Today I’m back in my hometown of Baltimore, Maryland to be a bridesmaid in my friend Emily’s wedding. Emily is one of my oldest and best friends, and she’s also a big reason I became interested in cooking. When I moved to New York, Emily was already living there. She participated in a CSA (community supported agriculture) and every week would get big bag fulls of vegetables. We’d get together once a week and have a family dinner together using whatever vegetables she had. Together we stir fried, roasted, and boiled all kinds of veggies and sometimes our creations came out well and sometimes they didn’t. Those weekly dinners got me more interested in cooking (and also in vegetables), so today’s post about how to roast and prepare a butternut squash is dedicated to Emily.
During the fall it’s socially acceptable to go squash crazy and eat them in in soups, sandwiches, stir fries, and even in drinks (I love you pumpkin spice latte). The mixture of hearty and slightly sweet makes squash one of my favorite food groups to eat and cook. However, for all of squash’s glory, I think they can be kind of intimidating. They are big, dense, and difficult to cut. No one wants to slice a finger trying to prepare dinner.
But it actually doesn’t have to be so hard. Just a few steps and a few simple tools, along with some patience and you’ll be the squash master in no time. Yes, the squash master. All you really need is a fork, a vegetable peeler, and a strong large chef’s knife. Oh, and I guess a cutting board. A spoon is helpful when it comes to scooping out the seeds, but the fork and knife together work fine too if you don’t want to dirty an additional utensil.
Ok, so first what you do is take your butternut squash and wash it. Even though you’ll be peeling off the skin it’s good to wash it because once you start peeling, your peeler will touch the dirty skin and then touch the dirty inner flesh. Now take your fork and stab the squash all over. You don’t need to make it crazy full of holes, but enough holes throughout. Then just pop the squash in the microwave and heat it for 2 minutes on high. This is just to cook it just a smidge and soften it up so preparation is easier later.
Side note, while I’m thinking about it, this preparation would work for other squashes that fit in your microwave. I’ve done it with acorn squashes before. I’ve never worked with a whole pumpkin, so I’m not sure about that – however pumpkins are less dense and therefore maybe easier to cut. But I’m getting off topic.
Take the butternut squash out of the microwave and let it cool until you can handle it. Use your knife and cut the ends off of the squash then peel it. From here you just want to cut it into uniform sized cubes, and you can do that whatever way you like best. For me, I like to cut the butternut squash in “half” at the point where it bulbs out. That way I have one half with seeds and one without. For the half without seeds, I’ll cut 1″ thick rounds, and then cut those rounds into 9 pieces, like a tic-tac-toe board. Then for the seeded half, I’ll cut it in half again, scrape out the seeds using my fork and knife (or a spoon if you like). From there I’ll cut long strips, then cut those strips into chunks. If these directions are confusing DON’T WORRY! Just cut your butternut squash into equal-ish pieces. I recommend about a 1″ cube or thickness. This way everything will cook evenly and you have nice big biteable chunks.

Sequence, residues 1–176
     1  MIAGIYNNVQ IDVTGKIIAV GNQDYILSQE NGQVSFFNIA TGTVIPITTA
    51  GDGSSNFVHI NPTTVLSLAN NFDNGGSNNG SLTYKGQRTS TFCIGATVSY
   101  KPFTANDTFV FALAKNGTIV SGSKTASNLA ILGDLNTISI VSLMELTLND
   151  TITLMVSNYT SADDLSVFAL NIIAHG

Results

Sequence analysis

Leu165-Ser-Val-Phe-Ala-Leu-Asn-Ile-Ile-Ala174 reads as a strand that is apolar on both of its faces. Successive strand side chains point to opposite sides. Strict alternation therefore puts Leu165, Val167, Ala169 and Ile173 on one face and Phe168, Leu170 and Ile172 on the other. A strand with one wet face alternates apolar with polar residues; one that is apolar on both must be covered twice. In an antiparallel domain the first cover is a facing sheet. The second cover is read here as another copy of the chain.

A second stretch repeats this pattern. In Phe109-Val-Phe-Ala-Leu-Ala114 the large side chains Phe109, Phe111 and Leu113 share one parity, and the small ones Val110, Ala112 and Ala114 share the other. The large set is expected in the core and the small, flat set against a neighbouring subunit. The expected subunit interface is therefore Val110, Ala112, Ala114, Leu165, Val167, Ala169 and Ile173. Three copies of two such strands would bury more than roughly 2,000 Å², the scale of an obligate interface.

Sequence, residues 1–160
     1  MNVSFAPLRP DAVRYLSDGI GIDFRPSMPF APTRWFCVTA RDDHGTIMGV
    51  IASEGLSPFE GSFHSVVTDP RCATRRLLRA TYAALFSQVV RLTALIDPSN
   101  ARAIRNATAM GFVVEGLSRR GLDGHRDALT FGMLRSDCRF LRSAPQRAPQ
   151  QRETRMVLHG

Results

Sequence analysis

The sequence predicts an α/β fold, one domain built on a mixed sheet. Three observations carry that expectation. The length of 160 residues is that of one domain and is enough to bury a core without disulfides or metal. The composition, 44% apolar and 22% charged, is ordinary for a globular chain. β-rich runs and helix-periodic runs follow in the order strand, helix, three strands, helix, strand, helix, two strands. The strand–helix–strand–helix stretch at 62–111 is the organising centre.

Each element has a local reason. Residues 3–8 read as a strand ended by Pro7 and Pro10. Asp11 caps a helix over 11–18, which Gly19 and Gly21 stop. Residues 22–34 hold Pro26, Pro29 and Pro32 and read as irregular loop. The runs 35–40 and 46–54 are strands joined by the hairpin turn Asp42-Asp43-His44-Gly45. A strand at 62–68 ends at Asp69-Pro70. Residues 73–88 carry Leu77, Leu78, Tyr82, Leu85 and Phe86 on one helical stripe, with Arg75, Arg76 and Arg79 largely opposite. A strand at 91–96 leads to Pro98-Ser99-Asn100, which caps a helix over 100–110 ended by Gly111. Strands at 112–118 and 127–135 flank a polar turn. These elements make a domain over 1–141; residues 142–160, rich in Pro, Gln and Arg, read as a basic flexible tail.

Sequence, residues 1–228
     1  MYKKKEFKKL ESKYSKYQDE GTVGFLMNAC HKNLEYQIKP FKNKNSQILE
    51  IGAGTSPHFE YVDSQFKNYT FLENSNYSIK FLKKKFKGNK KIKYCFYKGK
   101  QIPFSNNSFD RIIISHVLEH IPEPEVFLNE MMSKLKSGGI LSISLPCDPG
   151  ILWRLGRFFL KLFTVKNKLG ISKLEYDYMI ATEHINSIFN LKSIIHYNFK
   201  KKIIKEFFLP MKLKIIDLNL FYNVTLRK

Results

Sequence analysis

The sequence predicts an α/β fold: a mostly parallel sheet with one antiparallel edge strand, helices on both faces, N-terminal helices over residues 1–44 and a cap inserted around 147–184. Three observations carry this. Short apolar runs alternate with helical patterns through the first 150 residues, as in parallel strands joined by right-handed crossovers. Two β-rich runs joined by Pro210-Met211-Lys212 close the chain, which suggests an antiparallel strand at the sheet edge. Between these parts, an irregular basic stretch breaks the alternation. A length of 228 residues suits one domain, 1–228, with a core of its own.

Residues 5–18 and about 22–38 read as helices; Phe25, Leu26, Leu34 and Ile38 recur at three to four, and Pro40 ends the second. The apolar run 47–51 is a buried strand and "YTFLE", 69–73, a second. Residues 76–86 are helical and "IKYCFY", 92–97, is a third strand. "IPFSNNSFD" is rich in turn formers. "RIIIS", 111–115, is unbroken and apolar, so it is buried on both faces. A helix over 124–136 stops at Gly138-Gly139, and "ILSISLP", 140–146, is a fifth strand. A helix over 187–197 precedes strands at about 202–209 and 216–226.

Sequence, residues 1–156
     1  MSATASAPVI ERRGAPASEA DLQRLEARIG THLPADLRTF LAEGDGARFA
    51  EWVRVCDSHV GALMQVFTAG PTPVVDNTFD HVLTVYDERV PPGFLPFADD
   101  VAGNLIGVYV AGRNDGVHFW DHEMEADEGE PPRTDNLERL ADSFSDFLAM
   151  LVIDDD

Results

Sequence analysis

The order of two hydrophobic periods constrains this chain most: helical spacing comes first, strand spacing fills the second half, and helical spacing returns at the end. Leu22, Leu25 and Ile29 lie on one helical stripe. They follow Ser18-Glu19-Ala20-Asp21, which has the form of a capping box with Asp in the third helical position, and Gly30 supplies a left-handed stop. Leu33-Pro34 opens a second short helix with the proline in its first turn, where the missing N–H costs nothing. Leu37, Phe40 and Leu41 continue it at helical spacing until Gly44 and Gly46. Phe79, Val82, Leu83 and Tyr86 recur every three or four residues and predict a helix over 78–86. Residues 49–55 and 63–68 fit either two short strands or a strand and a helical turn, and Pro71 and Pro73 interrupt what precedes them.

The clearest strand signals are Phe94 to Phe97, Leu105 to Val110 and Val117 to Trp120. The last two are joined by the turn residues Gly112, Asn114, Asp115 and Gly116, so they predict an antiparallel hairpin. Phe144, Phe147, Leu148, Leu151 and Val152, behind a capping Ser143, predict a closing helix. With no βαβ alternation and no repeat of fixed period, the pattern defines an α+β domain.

From here, you want to heat your oven to a high heat. Throw the squash cubes into a roasting pan, drizzle with olive oil, and sprinkle with salt and pepper. Roast the squash until fork tender – and that’s it. It’s pretty easy! If you want to step it up a notch, like the recipe shown at the picture in the top, here’s an easy add on. Roughly chop some sage and pecans and toast them in a dry frying pan until fragrant. When the butternut squash is ready just mix in the sage and pecans and you have a super delicious side dish. Job done ya’ll. Now you’re ready to be squash master.
Adapted from Torey Avey.
Messy level: Two spoons. Preparing and roasting a butternut squash is pretty easy and neat. The added sage and pecans creates just one extra dish. For not a lot of work and very few dishes, you’ll have a great side perfect for the season or for Thanksgiving.
- 1 butternut squash, about 3 pounds but really any size will do
- 1½ tablespoons olive oil, divided
- 1 teaspoon coarse salt
- ½ teaspoon ground black pepper
- 2-3 tablespoons roughly chopped sage leaves
- ½ cup roughly chopped pecans
- Preheat oven to 450°F/230°C.
- Stab the butternut squash all over with a fork.
- Put the squash in the microwave for 2 minutes on high heat.
- Remove the squash from the microwave and let cool until you can handle it.
- Once you can handle it, cut the ends of the butternut squash, peel the squash, and remove the seeds, and cut the flesh into 1" chunks. (For more details on how to do this see the post's text)
- Put the squash in a roasting pan. Drizzle with 1 tablespoon of olive oil.
- Sprinkle the squash with the salt and pepper. Stir so all the squash is evenly coated with the seasonings.
- Roast in the oven for 30-45 minutes or until the squash is fork-tender.
- Meanwhile, in the last ½ tablespoon of olive oil in a skillet. Add in the sage and pecans. Heat, stirring occasionally, until the sage wilts a bit and the pecans start to smell fragrant. This takes just a few minutes.
- Once the squash is done cooking stir in the sage and pecans.